One of the major problems in hydrologic design is the estimation of maximum floods. These estimations are used to assign hydrological and hydraulic dimensions to bridges and sewers, dams and protection embankments, diversion canals, detention ponds etc. Accurate estimation of flood frequency discharge increases safety of the structures.
Perform a probabilistic modelling of flood flow records of the Feather River at Oroville, CA. The source data is a set of 59 records of maximum annual flood flows in 1000 cfs.
To carry out the analysis, we need to define some probability distributions which can potentially be used as flood frequency models. The Log-Pearson Type III (LP3) distribution is recommended for flood frequency analysis, according to the U.S. Water Advisory Committee on Water Data (1982). However, numerous studies have shown that this distribution performs poorly in many cases. Instead, several alternative distributions are suggested as an improvement over the LP3 distribution.
In this example, we will employ three advanced distributions which often provide the best approximation to flood flow data: Generalized Extreme Value, Generalized Pareto, and Wakeby distributions. In addition, we will use two common distributions: Lognormal and Gumbel (Type I Extreme Value distribution).
EasyFit automatically fits selected distributions, performs goodness of fit tests, and displays graphs of fitted distributions. Estimated parameters are shown in the table below:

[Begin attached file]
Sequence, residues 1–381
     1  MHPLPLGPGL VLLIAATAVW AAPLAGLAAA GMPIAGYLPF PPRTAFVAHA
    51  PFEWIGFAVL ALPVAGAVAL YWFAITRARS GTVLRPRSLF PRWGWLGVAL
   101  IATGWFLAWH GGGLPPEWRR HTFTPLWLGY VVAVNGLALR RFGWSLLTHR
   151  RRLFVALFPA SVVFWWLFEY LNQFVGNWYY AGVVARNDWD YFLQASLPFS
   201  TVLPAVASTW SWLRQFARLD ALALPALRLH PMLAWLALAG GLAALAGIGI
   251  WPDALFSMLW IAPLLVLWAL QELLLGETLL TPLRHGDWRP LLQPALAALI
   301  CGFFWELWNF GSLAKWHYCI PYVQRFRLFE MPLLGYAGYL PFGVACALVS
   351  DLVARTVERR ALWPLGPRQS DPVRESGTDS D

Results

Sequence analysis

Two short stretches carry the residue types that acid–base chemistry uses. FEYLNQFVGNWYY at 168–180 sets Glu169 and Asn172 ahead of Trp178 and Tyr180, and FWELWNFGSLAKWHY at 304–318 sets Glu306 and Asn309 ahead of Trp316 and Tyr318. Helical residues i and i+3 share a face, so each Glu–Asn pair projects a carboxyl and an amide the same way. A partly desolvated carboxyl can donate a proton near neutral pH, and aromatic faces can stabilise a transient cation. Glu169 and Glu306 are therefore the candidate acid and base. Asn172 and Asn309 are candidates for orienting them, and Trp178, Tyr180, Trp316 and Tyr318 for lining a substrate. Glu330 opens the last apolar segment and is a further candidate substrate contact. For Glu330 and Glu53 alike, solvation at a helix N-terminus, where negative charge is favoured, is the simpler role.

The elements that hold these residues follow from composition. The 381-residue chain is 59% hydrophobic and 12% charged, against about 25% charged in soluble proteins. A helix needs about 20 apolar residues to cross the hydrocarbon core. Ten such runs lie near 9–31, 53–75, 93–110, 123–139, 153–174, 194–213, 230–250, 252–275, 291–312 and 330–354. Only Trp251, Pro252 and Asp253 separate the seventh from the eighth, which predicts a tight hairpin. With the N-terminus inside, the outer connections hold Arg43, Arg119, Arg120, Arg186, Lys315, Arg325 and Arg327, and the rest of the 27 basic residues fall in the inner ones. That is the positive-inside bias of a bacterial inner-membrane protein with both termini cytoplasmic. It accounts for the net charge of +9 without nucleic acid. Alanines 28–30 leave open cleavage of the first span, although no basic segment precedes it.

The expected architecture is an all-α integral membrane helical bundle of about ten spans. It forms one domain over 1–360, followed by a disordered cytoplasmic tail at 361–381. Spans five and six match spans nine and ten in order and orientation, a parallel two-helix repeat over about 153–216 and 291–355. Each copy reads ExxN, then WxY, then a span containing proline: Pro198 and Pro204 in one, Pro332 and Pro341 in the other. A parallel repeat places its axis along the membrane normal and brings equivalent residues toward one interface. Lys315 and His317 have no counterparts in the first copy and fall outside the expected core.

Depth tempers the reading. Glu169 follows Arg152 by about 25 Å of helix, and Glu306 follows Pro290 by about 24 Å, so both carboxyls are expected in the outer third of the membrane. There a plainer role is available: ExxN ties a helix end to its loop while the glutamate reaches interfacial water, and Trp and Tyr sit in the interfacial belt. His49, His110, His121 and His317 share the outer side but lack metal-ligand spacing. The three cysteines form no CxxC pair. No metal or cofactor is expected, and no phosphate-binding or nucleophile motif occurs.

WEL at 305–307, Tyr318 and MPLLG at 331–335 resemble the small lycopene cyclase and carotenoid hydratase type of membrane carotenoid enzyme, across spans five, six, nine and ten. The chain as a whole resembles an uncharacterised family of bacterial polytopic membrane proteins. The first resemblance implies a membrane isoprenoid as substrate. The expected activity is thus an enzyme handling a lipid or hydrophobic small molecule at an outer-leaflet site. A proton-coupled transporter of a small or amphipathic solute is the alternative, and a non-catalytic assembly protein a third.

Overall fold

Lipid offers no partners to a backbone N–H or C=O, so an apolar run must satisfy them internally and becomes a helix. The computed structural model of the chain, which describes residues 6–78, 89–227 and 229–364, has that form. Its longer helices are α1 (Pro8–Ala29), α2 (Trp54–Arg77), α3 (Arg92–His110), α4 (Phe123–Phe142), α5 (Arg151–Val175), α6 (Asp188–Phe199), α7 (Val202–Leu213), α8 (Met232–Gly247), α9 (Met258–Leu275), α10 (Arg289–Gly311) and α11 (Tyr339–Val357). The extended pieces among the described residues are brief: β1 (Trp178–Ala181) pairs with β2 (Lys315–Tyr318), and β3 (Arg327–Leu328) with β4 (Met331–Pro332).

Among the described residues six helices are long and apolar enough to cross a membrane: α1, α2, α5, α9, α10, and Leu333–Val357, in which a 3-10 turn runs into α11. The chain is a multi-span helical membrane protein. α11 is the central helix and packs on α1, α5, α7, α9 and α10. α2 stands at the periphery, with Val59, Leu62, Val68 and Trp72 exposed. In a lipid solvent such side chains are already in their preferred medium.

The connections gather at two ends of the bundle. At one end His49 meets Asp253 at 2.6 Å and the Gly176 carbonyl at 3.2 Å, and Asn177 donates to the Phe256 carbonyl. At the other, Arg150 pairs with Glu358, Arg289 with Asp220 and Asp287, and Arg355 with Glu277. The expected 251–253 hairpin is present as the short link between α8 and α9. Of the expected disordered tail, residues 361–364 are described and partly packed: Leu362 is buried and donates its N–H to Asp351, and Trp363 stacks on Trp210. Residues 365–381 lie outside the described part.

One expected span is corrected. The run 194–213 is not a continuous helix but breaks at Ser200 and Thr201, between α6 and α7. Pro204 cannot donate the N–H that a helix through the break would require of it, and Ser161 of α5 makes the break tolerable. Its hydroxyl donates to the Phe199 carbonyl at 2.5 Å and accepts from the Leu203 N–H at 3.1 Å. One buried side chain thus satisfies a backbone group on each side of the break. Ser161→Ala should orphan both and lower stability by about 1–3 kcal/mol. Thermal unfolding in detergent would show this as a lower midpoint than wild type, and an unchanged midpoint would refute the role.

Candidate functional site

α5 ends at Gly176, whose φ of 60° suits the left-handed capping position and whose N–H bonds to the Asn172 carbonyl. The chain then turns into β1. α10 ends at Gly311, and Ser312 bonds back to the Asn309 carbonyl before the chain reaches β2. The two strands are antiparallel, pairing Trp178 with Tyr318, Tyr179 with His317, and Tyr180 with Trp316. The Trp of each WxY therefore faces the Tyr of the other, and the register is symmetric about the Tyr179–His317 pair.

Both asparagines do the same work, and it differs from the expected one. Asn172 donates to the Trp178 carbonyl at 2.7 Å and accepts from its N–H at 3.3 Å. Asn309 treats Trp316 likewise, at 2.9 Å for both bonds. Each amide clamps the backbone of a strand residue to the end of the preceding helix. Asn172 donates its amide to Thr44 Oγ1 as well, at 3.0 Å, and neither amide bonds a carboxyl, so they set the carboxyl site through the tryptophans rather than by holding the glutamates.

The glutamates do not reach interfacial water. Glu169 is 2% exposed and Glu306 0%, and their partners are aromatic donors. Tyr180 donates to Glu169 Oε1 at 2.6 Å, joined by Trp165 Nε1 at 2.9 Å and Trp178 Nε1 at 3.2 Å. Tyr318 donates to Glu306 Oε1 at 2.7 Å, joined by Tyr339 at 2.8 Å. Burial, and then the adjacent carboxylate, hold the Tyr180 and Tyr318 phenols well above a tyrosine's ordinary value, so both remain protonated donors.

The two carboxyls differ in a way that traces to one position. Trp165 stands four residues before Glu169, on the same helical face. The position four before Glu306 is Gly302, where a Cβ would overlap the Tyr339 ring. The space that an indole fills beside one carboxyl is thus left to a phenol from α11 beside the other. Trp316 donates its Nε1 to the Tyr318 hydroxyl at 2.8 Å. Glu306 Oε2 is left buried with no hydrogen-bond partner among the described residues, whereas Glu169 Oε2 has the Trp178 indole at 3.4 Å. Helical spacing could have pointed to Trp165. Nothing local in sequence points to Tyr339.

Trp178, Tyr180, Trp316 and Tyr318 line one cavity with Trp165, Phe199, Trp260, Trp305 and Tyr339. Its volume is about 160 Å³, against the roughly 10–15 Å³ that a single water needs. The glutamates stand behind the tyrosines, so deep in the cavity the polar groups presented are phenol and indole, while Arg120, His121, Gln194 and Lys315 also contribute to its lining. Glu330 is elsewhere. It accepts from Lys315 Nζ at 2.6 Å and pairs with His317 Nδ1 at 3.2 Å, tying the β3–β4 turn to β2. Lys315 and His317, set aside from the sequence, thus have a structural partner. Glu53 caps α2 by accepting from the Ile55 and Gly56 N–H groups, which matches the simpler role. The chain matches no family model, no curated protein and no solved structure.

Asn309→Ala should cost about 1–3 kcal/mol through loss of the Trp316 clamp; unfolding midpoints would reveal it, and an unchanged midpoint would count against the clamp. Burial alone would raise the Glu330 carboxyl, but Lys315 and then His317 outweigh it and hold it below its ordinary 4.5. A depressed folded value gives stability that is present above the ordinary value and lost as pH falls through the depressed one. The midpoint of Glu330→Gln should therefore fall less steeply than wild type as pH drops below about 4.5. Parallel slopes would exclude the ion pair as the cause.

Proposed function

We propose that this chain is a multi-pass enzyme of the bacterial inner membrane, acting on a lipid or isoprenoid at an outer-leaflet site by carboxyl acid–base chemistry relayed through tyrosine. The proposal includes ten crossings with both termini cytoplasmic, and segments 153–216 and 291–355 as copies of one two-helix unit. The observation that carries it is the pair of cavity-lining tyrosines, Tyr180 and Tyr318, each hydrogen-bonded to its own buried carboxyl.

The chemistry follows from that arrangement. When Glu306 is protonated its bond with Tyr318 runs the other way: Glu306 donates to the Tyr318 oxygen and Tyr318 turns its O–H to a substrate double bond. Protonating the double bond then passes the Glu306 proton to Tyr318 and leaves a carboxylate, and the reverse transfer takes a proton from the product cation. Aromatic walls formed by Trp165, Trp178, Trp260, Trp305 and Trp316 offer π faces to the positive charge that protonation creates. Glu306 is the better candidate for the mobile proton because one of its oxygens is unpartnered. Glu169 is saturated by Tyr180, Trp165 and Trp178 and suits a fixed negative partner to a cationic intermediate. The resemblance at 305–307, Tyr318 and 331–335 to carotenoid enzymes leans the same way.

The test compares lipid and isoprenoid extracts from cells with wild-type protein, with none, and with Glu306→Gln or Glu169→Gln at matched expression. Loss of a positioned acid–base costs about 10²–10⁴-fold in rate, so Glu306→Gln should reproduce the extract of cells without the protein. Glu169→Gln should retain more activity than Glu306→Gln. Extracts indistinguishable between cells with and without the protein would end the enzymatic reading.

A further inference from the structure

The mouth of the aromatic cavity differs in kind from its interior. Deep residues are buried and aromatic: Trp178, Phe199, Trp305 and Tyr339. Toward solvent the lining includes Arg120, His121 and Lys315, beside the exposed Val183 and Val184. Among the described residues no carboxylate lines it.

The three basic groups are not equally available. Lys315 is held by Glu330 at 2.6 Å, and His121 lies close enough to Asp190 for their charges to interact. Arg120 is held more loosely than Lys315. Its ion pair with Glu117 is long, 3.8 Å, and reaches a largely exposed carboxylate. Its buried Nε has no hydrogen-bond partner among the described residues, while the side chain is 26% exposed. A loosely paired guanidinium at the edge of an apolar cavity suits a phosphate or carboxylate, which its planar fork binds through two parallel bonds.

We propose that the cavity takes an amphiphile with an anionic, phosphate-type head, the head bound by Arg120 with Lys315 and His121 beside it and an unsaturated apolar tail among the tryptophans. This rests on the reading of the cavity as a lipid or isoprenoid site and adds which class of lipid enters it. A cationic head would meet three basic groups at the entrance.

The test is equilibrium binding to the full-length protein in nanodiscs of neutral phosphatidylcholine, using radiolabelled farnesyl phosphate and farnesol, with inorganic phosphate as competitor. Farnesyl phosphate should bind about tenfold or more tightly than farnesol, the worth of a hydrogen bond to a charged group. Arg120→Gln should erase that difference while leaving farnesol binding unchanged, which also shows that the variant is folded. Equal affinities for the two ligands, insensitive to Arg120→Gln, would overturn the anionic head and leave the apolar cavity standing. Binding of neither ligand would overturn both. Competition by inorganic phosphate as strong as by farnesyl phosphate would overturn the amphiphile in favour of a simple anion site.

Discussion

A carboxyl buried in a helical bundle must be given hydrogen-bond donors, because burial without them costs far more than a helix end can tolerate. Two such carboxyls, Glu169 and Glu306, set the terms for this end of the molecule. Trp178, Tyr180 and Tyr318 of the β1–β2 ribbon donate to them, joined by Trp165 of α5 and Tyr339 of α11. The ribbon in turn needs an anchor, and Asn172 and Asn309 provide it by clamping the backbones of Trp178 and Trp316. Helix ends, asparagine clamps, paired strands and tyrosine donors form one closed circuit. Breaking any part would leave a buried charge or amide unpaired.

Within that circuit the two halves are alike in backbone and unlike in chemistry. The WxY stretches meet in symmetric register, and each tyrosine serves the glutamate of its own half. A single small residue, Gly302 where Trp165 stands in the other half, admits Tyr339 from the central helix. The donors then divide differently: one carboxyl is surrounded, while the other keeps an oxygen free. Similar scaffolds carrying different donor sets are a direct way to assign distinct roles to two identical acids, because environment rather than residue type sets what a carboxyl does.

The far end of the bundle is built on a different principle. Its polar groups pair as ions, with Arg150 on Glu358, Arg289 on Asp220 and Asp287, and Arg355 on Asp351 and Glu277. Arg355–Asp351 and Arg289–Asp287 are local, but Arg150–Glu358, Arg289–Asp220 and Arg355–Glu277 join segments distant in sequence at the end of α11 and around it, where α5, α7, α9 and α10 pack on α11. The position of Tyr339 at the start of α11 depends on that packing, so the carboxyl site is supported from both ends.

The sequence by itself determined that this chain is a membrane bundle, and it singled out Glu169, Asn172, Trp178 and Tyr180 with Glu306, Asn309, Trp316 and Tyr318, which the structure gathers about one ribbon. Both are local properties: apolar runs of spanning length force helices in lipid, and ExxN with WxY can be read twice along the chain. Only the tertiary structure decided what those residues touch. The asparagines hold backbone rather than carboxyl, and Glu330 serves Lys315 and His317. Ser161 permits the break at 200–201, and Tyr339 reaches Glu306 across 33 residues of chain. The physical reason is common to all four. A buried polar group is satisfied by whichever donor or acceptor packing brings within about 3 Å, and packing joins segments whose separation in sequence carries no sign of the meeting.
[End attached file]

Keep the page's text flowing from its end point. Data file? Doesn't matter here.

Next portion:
Generally, EasyFit supports two versions of the Gumbel distribution:
In practice, the Minimum Extreme Value distribution (Type I) is commonly used, and is usually reffered to as the Gumbel distribution. However, the Maximum Extreme Value distribution (Type I) is also sometimes utilized. To prevent possible confusion, these two distributions are given different names in EasyFit.
After the distributions are fitted, we can visualize them:
Based on the probability density graphs, we can assume that the Generalized Pareto and Wakeby distributions are most likely to fit the best, while the Lognormal distribution fits poorly. Both Kolmogorv-Smirnov and Anderson-Darling goodness of fit tests confirm this assumption:
It is clear from the table that the Generalized Pareto distribution fits to observed data better than the Wakeby distribution does. However, according to goodness of fit statistics calculated for these two distributions, the probabilistic models they represent are quite similar. To compare the models and learn how they differ, we can use the probability difference graph:
Now that we have selected the Generalized Pareto distribution as the best approximation to historical flood flow data, we can apply this probabilistic model to obtain the needed inferences.
Specifically, we will use the cumulative distribution function (CDF) of the fitted
distribution to calculate the annual exceedance probability (AEP), or the
probability that the event is equaled or exceeded in any single year. For example,
considering a 200,000 cfs level, the exceedance probability is calculated in the
To obtain the return period (also known as the recurrence interval) of the
event, we should calculate the reciprocal of the exceedance probability:
The interpretation is that in a very long series, the 40-year flood value would be exceeded every 40 years on the average. For example, about twenty-five 40-year floods can be expected during a 1000 year period (on the average).
We applied EasyFit to perform a probabilistic modelling of flood flow records using historical flood flow data. To construct the model, we fitted three advanced and two common probability distributions, and determined that the Generalized Pareto distribution represents the most valid model. Finally, we applied this model to calculate the exceedance probability and the return period.